In other cases, an acharya may scientifically analyze the sampradaya siddhanta and compare its compatibility with the tilak they wear. The external purpose of the tilak is to differentiate the followers of a sampradaya from other classes of philosophers, just as one branch of the armed forces wears a uniform to differentiate itself from the other branches. In such a case, the tilak may change when there occurs a shift or branching of the sampradaya due to philosophical views. The newly formed branch may re-analyze the tilak in connection with its siddhanta and make changes that fully reflect their process of surrender. Such is the case among the two branches of the Sri Vaishnava sampradaya. Due to a difference of opinion in regards to the process of surrender, two distinct tilaks emerged.

In any case, the ultimate purpose of tilak is to sanctify oneself and mark the body as the temple of the Lord. The scriptures do not specify in detail the manner that this should be done, and as such it is the acharyas who crystalize the procedures while adhering to the general prescriptions given in the scriptures.

Putting on Tilaka
Specifics on Different Tilaks

In the Uttara-khanada of the Padma Purana, Lord Shiva says to Parvati that in the middle of the "V" of the Vaishnava tilaka mark there is a space and in that space reside Lakshmi and Narayana. Therefore, the body that is decorated with tilaka should be considered a temple of Lord Vishnu. The Padma Purana also states:

vama-parshve sthito brahma
dakshine cha sadashivaha
madhye vishnum vijaniyat
Tasman madhyam na lepayet

"On the left side of the tilaka Lord Brahma is situated, and on the right side is Sadashiva, but one should know that in the middle dwells Lord Vishnu. Therefore one should not smear the middle section."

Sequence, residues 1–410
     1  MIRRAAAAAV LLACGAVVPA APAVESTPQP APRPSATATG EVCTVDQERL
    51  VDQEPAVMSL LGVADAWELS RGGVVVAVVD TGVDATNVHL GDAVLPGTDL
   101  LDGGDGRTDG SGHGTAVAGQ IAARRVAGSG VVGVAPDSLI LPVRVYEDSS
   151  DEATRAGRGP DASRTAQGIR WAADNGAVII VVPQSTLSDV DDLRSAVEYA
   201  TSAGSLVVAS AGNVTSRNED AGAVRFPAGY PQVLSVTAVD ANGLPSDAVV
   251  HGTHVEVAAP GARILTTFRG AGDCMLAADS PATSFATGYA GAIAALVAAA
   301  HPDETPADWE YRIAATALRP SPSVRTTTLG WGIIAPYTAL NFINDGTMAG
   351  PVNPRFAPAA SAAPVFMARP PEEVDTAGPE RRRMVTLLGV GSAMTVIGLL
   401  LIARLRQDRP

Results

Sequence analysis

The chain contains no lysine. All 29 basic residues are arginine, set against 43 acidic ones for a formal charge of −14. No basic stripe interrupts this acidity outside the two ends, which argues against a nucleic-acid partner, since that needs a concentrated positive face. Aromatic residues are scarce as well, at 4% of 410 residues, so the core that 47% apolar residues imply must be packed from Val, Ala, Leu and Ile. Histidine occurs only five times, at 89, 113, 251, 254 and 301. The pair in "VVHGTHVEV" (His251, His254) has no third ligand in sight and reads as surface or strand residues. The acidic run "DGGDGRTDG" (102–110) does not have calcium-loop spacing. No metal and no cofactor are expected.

One should pour a little water into the palm of his left hand and rub gopi-chandana (mud from Dwaraka) into it. When making Tilaka the following mantra from the Uttara Khanda of the Padma Purana:
lalate keshavam dhyayen
narayanam athodare
vaksha-sthale madhavam tu
govindam kantha-kupake
vishnum cha dakshine kukshau
bahau cha madhusudanam
trivikramam kandare tu
vamanam vama-parshvake
shridharam vama-bahau tu
hrishikesham cha kandhare
pristhe tu padma-nabham cha
katyam damodaram nyaset
tat prakshalana-toyam tu
vasudeveti murdhani

In accordance with the above mentioned mantra one should apply the gopi-chandana with the ball of the middle finger tip to make the tilaka marks on the twelve parts of the body. According to the Brahmanda Purana, one should not use the fingernail to make the space in the middle of the tilaka. One should place a thin damp cloth over the finger and make the space with that. Thus, when the tilaka is applied, the following mantras should be chanted:

> The forehead--om keshavaya namaha
> The belly--om narayanaya namaha
> The chest--om madhavaya namaha
> The throat--om govindaya namaha
> The right side of the waist--om vishnave namaha
> The right upper arm--om madhusudanaya namaha
> The right shoulder--om trivikramaya namaha
> The left side of the waist--om vamanaya namaha
> The left upper arm--om shridharaya namaha
> The left shoulder--om hrishikeshaya namaha
> The upper back--om padmanabhaya namaha
> The lower back--om damodaraya namaha

Finally, after washing one's had, whatever water is left should be wiped on the top of the head in the region of the shikha (tuft of hair) with the mantra: om vasudevaya namaha.

In the Padma Purana it is stated:
nasadi-kesha-paryantam
urdhva-pundram sushobhanam
madhye chidra-samayuktam
tad vidyad dhari-mandiram


"That marking (of tilaka), which begins from the root of the nose and extends up to the hairline, which has a space in it and is very beautiful, is known as urdhva-pundra (tilaka). One should know it to be a temple of Lord Hari [Vishnu]." The Padma Purana also mentions that the tilaka marking should only extend three quarters of the way down the nose from the root of the nose, which is located between the eyebrows. The space in the middle of the tilaka should begin from between the eyebrows and extend up to the hairline. The marking on the nose and forehead should be connected. That is a perfect tilaka marking.